Her work and her life began to focus on racism, civil rights, and the struggles of black people. She worked to create more opportunities for blacks and women. Besides helping to get museums to show more art work by black women artists, she helped put more African Americans in positions of power in the art world. In her work she created visual stories of black peoples experiences. In 1972, she began to use material from African crafts in her work. She began to follow her family tradition of working with cloth. She decided to try painting on cloth. This led to the creation of story quilts, a combination of painting, writing, and quilting as a means of expressing her ideas. These quilts tell stories of slavery, city life, famous African Americans, family, jazz, and even Ringgold, herself, as she tells of losing one hundred pounds. Though the teacher should be able to find pictorial examples of these quilts in many text books, small images of all of them are available on the Internet. In her _French Collection," "Dancing at the Louvre,_ and _American Collection,_ her story quilts depict the life of Willia Marie Simone, a black female artist living in Paris, struggling for her place in the community. The quilt traces her, life up to the _American Collection_ which focuses on her daughter. Simone is clearly based on Ringgold.

She later began to make three-dimensional figures using a variety of materials. Some remind us of the dolls made by mothers during slavery. Her mother, Willi Posey, helped her on many of her projects involving cloth. Her work also evolved into performances in which singing, chanting, dancing, music and acting are performed with her story quilts, paintings, and sculptures so that she could more fully tell her stories.

Though she never saw herself as an author of stories for children, the urging of a book editor, motivated her to use her story quilt, Tar Beach, as the basis of her first children's book. It was an immediate success. The ones that followed became equally popular, and brought Faith numerous awards. In these books, she is able to colorfully explain some of the facts of slavery, examine the heritage of African Americans, and face the difficult issues of slavery, while also encouraging children to use their imagination and dream.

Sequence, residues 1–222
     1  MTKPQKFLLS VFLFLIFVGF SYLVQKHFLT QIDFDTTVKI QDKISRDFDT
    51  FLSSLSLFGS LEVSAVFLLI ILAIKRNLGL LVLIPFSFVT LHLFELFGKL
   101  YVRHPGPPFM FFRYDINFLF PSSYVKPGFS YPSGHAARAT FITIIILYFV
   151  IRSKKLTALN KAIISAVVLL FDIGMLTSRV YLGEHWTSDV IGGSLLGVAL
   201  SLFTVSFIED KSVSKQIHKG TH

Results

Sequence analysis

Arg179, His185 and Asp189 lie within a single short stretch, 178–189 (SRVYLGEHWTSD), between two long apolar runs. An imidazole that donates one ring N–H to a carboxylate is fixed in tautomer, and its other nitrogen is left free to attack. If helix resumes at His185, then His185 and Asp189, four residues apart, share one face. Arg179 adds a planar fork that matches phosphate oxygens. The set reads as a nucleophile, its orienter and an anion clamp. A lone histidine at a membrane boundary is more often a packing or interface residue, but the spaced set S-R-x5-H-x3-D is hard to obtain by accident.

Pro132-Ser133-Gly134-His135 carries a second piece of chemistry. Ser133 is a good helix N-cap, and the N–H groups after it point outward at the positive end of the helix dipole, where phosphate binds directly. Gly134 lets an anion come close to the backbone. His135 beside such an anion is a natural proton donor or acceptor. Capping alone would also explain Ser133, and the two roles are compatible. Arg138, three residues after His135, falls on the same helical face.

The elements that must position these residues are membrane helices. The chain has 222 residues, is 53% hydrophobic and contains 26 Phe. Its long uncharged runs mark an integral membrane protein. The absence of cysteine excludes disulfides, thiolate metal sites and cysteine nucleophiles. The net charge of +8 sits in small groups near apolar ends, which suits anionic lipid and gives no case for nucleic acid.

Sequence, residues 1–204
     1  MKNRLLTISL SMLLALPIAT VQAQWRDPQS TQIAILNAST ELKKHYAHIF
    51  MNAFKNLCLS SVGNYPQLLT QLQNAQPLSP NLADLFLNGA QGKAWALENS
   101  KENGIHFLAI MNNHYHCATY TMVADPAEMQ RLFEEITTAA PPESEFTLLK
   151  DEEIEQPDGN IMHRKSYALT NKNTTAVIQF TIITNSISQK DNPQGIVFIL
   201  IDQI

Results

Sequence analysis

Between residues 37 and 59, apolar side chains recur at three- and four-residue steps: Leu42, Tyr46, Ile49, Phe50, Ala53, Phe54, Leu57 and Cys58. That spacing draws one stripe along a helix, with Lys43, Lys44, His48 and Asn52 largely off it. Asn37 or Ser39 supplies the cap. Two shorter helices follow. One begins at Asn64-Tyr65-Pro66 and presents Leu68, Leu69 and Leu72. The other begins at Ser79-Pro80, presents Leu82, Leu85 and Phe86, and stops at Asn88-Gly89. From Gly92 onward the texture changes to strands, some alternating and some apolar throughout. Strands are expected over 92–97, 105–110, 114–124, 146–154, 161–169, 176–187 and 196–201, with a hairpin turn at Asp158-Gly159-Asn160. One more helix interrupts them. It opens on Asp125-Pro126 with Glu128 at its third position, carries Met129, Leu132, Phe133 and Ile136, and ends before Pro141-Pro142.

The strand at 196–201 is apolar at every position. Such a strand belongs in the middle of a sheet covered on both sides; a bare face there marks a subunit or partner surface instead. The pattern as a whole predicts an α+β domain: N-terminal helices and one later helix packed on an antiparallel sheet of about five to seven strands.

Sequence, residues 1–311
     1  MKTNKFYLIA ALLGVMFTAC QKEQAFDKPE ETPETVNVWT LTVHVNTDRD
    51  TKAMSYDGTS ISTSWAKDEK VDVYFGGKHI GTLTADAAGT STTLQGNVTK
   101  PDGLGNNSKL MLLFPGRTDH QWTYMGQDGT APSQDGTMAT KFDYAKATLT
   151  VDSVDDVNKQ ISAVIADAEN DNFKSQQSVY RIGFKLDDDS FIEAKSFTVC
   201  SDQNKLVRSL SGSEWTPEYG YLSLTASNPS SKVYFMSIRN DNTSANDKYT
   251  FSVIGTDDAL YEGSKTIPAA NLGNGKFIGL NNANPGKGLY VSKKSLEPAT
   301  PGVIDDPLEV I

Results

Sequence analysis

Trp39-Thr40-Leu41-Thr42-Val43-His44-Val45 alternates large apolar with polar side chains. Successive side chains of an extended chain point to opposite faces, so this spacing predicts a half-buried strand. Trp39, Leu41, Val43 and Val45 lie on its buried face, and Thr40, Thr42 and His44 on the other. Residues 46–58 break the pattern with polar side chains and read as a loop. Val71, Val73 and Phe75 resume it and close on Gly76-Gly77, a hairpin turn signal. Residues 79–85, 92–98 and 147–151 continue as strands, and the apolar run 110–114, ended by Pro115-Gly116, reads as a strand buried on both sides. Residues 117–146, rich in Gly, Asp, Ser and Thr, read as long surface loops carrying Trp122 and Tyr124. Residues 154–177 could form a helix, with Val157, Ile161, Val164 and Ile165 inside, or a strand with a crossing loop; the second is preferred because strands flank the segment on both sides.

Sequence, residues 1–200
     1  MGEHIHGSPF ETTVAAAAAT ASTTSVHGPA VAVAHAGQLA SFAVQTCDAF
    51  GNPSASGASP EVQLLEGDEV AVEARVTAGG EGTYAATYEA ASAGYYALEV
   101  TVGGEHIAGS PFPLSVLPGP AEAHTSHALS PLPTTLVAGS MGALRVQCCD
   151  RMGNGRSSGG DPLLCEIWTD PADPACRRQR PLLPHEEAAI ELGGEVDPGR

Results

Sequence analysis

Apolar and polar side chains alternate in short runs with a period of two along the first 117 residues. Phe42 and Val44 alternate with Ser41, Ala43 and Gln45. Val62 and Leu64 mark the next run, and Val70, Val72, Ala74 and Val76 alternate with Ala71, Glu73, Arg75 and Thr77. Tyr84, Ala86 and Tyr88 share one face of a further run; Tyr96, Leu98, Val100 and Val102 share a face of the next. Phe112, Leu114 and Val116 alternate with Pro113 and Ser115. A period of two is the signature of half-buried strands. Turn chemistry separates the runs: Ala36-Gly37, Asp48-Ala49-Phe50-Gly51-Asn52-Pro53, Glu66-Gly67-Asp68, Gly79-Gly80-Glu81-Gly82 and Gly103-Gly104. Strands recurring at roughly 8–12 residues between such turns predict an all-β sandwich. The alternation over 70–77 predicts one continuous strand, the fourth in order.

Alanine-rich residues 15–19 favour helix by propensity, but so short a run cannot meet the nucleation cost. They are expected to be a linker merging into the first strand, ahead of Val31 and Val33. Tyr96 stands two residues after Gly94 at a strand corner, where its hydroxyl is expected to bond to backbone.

Faith Ringgold continues to spend part of each year living in Harlem, as she continues to express herself politically and artistically. Additional information on Faith Ringgold may be found by consulting her memoirs, listed in my bibliography.

Examining Her Own Words: Talking to Faith Ringgold

Most of these facts will be presented to students as I read from Talking to Faith Ringgold. It is a relatively short book with many colorful pictures and suggestions for use in the classroom. I will also read a few excerpts from We Flew over the Bridge the Memoirs of Faith Ringgold, a much more detailed adult account of her life and creations. The book contains some colorful pictures and the actual words from some of her story quilts. Ringgold, who at times was faced with personal and family problems, discusses some of these in her book. The teacher needs to decide which to include. Generally, I feel that most can be omitted without distorting the contributions Ringgold made as a strong, talented African American woman.